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Tag: Runways (Aeronautics)
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  • Verification of Current Los Angeles (LA) Abrasion Test Criterion for Aggregate Degradation in Airfield Asphalt Pavements

    Abstract: Low-quality mineral aggregates can potentially lead to production, construction, and long-term performance-related problems in asphalt concrete pavements. Therefore, effective qualification criteria for mineral aggregates are paramount. This study was performed to investigate the effectiveness of the Los Angeles abrasion (LAA) test to assess the abrasion resistance of coarse aggregates commonly used in airfield asphalt paving. The LAA test acceptance criteria currently specified by state departments of transportation were examined and compared to the current Department of Defense criterion. Additionally, recent experiences during a forensic evaluation to identify potential sources of excessive presence of foreign object debris on an airfield runway are also briefly discussed in this report. The LAA test and associated acceptance criterion in Unified Facilities Guide Specification (UFGS) 32 12 15.13 were evaluated by testing 24 aggregate sources from various US locations. Also, the Micro-Deval abrasion test was performed as a surrogate abrasion resistance test. Sufficient evidence was not found to suggest adjustments to current LAA test criterion or to recommend the use of an alternative abrasion test. The current UFGS specifications should be improved to provide a more thorough aggregate testing protocol and detailed guidelines regarding aggregate sampling and testing frequency during design and construction of asphalt pavements.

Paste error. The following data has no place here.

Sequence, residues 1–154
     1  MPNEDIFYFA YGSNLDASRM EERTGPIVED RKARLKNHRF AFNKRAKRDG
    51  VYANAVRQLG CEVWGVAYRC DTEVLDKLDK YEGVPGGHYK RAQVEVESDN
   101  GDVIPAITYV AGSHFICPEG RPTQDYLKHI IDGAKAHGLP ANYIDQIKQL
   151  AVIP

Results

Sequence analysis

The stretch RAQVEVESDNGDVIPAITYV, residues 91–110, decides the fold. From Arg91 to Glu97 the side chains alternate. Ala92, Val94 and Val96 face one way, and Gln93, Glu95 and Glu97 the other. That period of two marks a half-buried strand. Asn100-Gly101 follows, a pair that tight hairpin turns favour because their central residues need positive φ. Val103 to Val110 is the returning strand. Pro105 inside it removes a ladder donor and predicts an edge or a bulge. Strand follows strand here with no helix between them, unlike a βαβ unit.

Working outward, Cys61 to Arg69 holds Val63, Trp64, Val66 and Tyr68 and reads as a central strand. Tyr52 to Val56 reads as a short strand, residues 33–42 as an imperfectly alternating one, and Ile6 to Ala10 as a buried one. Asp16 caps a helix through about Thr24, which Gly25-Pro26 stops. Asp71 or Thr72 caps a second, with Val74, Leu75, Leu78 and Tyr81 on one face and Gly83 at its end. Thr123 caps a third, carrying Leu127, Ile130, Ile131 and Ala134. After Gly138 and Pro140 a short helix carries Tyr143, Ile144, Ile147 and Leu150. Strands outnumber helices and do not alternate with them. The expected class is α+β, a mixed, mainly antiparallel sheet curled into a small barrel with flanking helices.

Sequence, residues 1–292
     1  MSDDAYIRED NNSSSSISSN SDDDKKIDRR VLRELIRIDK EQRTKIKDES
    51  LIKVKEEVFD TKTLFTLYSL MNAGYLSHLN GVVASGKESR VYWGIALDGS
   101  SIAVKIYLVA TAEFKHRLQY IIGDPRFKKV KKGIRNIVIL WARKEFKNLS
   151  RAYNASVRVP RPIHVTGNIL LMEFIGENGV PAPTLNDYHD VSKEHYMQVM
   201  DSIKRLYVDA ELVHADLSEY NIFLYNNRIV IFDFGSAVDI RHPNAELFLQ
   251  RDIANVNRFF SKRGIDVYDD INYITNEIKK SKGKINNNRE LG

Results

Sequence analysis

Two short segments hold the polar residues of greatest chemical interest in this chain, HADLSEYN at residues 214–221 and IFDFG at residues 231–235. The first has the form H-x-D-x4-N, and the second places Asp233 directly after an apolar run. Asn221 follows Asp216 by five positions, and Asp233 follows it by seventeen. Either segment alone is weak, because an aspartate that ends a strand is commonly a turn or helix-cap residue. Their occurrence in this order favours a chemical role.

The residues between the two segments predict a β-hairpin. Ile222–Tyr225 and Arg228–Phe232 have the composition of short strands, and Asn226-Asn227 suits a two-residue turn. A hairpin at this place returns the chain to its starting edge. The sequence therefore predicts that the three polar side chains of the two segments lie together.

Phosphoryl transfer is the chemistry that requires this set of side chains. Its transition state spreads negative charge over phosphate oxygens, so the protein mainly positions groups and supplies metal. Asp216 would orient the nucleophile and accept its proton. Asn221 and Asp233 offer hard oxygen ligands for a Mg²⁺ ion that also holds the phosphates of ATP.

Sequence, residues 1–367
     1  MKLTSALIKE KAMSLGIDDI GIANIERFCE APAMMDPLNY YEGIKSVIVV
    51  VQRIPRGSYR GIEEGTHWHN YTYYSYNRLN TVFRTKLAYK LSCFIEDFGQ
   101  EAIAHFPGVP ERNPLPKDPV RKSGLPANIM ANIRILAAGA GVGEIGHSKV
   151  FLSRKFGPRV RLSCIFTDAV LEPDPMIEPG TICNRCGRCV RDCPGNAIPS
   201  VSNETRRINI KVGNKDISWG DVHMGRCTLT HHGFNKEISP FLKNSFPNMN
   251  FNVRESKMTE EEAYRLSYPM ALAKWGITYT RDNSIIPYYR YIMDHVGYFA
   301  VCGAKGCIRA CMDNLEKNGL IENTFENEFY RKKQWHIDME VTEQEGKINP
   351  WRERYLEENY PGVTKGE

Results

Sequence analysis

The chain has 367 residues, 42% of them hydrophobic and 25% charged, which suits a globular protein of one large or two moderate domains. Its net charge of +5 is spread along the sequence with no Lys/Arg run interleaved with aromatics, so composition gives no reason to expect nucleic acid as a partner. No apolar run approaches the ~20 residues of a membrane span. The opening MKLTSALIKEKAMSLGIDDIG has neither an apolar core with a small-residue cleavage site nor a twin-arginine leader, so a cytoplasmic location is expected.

• Microbial Activity in Dust-Contaminated Antarctic Snow

    Abstract: During weather events, particles can accumulate on the snow near the Pegasus ice and Phoenix compacted-snow Runways at the US McMurdo Station in Antarctica. The deposited particles melt into the surface, initially forming steep-sided holes, which can widen into patches of weak and rotten snow and ice. These changes negatively impact the ice and snow runways and snow roads trafficked by vehicles. To understand the importance of microbes on this process, we examined deposited dust particles and their microbial communities in snow samples collected near the runways. Snow samples were analyzed at the Cold Regions Research and Engineering Laboratory where we performed a respiration study to measure the microbial activity during a simulated melt, isolated microorganisms, examined particle-size distribution, and performed 16S rRNA gene sequencing. We measured higher levels of carbon dioxide production from a sample containing more dust than from a sample containing less dust, a finding consistent with viable dust-associated microbial communities. Additionally, eleven microorganisms were isolated and cultured from snow samples containing dust particles. While wind patterns and satellite images suggest that the deposited particles originate from nearby Black Island, comparisons of the particle size and chemical composition were inconclusive.